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This article was first published 6 years ago  » Business » Lessons to be learnt from the Infosys clash

Lessons to be learnt from the Infosys clash

By B S Raghavan
August 28, 2017 08:11 IST
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'Let us hope that with Nandan, like Cincinnatus back on his farm, taking over the reins, Infosys will not only regain its vigour and momentum, but vastly improve upon its achievements as a global player,' says B S Raghavan, the distinguished civil servant.

Infosys Chairman Nandan Nilekani

There is no need to bemoan overly the spate of recriminations and counter-recriminations spewing out of Infosys.

It is basically a strong company, anchored in healthy traditions and sound value systems, and there's no chance of its floundering. Especially so, now that Nandan Nilekani has come forward to take a hand in giving it a fresh start.

Nandan has a triple advantage: Being one of its founding fathers, he has been associated with, and has contributed to, its growth from scratch and knows all about where it helps and hurts.

The DNA of Infosys runs in him. He enjoys good personal rapport with fellow founders, and, most of all, the trust and confidence of one -- N R Narayana Murthy -- who symbolises all that the company is today.

Secondly, in the eyes of both domestic and foreign investors and other stakeholders, and the people at large, he has built up a solid reputation of a helmsman of superlative calibre with hands-on experience of successfully dealing with complex macro- and micro-issues of corporate governance.

The spontaneous groundswell of opinion among them that he should come back and take to the oars again is evidence enough of that.

And, thirdly, his outstanding accomplishment of launching Aadhaar on a continental scale covering a population of 1.2 billion as the chairman of the Unique Identification Authority of India is nothing short of a feat of extraordinary magnitude, considering that he was new to the government's way of thinking and style of working.

It speaks volumes for his dynamism and capacity to straddle two entirely unrelated worlds -- the private corporate sector and the behemoth of government -- with ease.

In his second coming, he should be able to draw upon all the networks he had built during his tenure.

It is good that Nandan has demanded, and is going to get, a clean slate to write on, with the current directors on the board offering to quit.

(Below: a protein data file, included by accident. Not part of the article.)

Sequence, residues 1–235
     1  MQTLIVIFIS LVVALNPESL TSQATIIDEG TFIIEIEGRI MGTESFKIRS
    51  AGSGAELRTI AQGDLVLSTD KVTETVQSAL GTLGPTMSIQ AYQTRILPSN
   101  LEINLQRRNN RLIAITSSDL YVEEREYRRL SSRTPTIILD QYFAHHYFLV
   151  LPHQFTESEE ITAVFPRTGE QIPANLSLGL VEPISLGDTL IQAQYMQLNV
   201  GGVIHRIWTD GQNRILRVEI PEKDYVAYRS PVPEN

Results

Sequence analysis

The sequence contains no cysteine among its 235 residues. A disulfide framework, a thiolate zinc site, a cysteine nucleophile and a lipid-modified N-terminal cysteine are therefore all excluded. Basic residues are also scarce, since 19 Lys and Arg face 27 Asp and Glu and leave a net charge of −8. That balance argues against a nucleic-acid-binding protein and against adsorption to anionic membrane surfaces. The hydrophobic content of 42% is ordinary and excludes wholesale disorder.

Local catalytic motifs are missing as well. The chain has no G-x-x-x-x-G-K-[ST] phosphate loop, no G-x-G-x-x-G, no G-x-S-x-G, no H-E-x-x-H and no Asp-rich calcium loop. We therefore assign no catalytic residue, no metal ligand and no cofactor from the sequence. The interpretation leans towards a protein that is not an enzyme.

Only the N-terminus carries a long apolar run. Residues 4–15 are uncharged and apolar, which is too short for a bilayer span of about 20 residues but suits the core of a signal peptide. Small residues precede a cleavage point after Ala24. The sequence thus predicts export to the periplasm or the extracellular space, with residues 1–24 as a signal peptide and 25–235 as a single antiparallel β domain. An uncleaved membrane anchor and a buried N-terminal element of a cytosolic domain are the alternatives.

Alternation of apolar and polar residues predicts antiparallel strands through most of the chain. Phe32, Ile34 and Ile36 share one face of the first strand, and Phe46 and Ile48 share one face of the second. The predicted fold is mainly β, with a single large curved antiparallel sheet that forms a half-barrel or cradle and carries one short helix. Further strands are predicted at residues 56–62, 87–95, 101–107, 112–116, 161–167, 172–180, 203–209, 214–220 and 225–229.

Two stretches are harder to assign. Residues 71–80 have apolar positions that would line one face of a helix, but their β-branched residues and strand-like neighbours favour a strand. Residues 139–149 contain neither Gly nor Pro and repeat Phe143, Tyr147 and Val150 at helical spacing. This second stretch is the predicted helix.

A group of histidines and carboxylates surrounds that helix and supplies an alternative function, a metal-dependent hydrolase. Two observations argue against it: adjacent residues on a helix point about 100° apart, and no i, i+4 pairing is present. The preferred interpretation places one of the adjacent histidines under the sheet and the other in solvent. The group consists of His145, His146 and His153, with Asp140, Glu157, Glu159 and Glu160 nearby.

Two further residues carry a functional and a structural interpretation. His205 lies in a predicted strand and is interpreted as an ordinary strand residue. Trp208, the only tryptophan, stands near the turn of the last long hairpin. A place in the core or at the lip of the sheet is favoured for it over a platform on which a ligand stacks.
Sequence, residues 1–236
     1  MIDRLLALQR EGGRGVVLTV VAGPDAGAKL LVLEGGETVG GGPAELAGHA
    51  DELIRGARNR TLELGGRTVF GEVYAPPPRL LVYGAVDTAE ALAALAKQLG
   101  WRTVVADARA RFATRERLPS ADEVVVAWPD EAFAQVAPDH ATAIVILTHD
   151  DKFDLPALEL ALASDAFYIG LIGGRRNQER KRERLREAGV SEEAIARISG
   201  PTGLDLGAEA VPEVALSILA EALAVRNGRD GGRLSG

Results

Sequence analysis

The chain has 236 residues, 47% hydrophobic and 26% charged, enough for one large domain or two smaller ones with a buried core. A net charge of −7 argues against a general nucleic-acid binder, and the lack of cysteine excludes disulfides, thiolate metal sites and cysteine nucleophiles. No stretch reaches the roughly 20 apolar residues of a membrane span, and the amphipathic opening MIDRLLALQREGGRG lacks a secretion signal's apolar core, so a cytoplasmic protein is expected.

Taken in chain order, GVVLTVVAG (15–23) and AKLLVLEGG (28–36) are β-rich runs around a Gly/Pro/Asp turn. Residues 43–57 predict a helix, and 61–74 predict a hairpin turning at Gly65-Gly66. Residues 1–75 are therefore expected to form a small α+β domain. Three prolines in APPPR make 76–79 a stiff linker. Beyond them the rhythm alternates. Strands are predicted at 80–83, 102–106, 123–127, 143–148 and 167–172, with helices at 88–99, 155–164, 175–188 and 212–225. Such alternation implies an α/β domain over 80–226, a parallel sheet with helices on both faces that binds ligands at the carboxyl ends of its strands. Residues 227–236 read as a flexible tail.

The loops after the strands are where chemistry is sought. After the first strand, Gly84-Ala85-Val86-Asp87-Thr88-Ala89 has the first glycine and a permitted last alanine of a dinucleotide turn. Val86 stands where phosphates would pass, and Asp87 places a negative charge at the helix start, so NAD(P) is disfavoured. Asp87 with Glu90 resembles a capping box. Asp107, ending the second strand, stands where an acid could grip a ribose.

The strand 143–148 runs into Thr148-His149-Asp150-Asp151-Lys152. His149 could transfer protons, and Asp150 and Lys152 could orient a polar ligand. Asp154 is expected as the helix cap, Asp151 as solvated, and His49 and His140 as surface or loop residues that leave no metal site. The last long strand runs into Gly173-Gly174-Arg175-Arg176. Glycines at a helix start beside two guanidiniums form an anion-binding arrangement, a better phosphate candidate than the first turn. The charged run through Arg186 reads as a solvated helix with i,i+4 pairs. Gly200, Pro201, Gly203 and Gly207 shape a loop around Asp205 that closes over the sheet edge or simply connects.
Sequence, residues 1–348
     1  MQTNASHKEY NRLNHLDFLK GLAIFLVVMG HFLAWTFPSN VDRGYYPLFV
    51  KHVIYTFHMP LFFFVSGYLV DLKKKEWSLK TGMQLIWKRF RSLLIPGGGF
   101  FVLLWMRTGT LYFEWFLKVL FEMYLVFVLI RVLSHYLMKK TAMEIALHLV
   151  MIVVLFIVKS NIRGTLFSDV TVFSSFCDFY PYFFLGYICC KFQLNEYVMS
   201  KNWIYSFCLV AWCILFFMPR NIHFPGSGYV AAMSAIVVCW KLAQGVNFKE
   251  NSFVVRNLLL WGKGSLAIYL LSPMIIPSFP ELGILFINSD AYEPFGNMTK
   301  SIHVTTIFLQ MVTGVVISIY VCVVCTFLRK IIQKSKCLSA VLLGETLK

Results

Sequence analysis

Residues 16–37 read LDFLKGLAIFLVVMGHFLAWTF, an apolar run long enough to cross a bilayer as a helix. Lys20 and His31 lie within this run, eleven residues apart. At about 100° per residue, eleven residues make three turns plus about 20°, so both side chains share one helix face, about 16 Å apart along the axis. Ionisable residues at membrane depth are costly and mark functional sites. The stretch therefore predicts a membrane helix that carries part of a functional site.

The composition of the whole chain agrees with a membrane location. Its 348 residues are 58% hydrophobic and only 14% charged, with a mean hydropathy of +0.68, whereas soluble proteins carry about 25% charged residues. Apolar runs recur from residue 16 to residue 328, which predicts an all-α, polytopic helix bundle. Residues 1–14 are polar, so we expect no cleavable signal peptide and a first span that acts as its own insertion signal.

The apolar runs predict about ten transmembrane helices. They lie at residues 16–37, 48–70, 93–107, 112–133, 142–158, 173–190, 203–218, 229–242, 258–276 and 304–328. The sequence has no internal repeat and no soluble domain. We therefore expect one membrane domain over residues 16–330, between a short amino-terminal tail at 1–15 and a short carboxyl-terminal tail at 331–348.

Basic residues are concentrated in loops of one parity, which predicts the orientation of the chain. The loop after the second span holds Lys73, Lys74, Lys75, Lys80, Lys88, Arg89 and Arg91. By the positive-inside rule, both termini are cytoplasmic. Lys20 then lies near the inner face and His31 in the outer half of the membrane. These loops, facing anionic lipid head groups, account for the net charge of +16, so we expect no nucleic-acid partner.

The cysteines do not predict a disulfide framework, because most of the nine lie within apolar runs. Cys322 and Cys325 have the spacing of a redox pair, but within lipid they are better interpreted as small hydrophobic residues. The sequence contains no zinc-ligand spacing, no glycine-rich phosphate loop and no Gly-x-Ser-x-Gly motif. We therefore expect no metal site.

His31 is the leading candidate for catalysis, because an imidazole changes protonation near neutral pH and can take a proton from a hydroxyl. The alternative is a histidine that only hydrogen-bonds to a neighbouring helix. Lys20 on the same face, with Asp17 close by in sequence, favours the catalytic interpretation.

It is as well, for none of them, beginning from the chairman himself, who was a misfit in any case, inspires confidence as being capable of out-of-the-box thinking.

The only exception, as I see, is John W Etchemendy, professor in the school of humanities and sciences at Stanford University.

All the others are hardened prototypes of obscurantism, steeped in the rigid dogmas hamstringing India's corporate sector and incapable of learning the lessons from all the hectic happenings of the recent past.

Yet, in order that Infosys does not stumble again, and as a cautionary tale for other Indian corporates, those lessons must be learnt.

The very first, and the foremost among them, is that corporate governance should not be regarded as an insulated, isolated, desiccated, dehydrated and dehumanised activity, but as something inextricably interwoven with the cultural dimensions of the setting in which the enterprise is situated derived alike from its record of growth and the country's overall cultural heritage and traits.

While globalisation has had some beneficial fallout, it has also led to the more susceptible among Indian managers being brainwashed by some of the glib nostrums of the industrial nations of the West, with the US originating a lion's share of them.

Generally Indians educated in those countries have unfortunately been brought up with little familiarity with the cultural complexities of managing corporate enterprises in India.

There is a danger that thereby they will thoroughly distort management practices and introduce perversities capable of doing lasting harm to corporates.

Let me enumerate the more untenable of those beliefs being unquestioningly imported into India, and indeed, every unsuspecting developing country.